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I'm pretty new to the certificate renewal process, so bear with me if this is a stupid/easy question I'm asking. I have a jks store that had a certificate expire under the alias aliasA. Another member of my team renewed the certificate in their jks. They sent me the jks, and I exported the renewed cert to it's own file. I'm now trying to import that cert back into my file under the same alias, but I am getting the following error:

keytool error: java.lang.Exception: Public keys in reply and keystore don't match

I don't want to just replace the jks, but I just need to renew that one particular cert. What does the error mean?

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    You should try superuser.com though maybe people here will be able to help. But this is a question about a particular java ecosystem tool, not about x509 certificates or PKI or security
    – Z.T.
    Jul 16, 2019 at 17:59
  • @Z.T. Thanks for the info! I'll try asking there. I looked up cert issues, found this stack exchange, and just thought to post it here.
    – Brandon
    Jul 16, 2019 at 18:01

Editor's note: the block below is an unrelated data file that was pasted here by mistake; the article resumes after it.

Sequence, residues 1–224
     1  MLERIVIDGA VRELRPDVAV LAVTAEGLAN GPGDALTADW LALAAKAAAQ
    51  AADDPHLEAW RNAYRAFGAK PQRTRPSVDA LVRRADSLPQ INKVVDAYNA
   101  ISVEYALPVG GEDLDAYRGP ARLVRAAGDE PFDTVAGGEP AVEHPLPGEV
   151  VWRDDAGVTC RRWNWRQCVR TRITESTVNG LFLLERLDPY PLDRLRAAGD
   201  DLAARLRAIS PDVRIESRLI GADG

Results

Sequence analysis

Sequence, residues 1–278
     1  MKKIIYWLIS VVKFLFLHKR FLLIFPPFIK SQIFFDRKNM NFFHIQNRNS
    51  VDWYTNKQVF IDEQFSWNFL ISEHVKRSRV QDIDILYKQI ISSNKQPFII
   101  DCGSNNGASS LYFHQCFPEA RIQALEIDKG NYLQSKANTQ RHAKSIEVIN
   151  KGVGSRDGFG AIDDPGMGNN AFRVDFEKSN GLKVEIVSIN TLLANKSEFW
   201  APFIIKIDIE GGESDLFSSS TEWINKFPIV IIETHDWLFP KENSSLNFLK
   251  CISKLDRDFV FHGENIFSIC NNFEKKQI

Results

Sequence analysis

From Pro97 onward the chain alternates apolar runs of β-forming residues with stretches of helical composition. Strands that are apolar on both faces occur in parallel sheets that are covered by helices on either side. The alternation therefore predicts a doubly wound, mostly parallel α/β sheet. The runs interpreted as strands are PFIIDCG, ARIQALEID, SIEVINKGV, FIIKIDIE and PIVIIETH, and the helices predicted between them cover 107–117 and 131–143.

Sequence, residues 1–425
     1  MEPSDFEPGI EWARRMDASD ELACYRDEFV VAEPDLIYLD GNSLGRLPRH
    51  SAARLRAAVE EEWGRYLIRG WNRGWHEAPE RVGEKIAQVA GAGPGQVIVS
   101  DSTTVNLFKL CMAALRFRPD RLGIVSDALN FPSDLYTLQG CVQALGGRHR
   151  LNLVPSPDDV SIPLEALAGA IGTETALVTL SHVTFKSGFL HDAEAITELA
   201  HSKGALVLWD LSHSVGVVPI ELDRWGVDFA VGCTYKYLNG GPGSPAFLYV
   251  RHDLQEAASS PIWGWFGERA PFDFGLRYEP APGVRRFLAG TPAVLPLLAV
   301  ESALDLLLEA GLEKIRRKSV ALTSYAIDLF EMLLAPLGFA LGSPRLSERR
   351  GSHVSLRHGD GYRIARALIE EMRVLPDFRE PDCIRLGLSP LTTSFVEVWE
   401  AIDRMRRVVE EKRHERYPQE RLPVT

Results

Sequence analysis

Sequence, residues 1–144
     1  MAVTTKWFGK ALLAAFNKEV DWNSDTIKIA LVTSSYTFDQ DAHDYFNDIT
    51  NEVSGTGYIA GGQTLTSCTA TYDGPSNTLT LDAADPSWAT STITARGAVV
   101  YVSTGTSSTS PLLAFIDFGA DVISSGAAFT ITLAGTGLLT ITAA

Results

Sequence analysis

2 Answers 2

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Certificates are nothing but public keys signed by a certificate authority. If it is a server-side certificate you're trying to import, the certificate would need its corresponding private key as well. You probably need to import the contents of the entire jks file shared by your teammate because I assume it has the renewed key also. If you only import the certificate, it might try to match it with the old key and throw the error you are seeing.

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The issue is most likely caused by the fact that there was a new keypair generated upon renewal. And the certificate does not match the public key stored in the jks. You need to ask your colleague if he generated the CSR using the old key or if he has created a new one. If he used the old key, then you need to remove the old certificate from the jks (otherwise you wouldn't be able to import your certificate using the same alias) and import the new one reusing previous alias.

If your colleague has created the new key pair, then you need to import his jks file in order to be able to use it (you could maybe export the private key if it was set to extractable which I doubt), otherwise, you won't have access to the private key corresponding with the certificate. You can still import the certificate to a jks without its private key if you are planning on using it for encryption/signature validation only.

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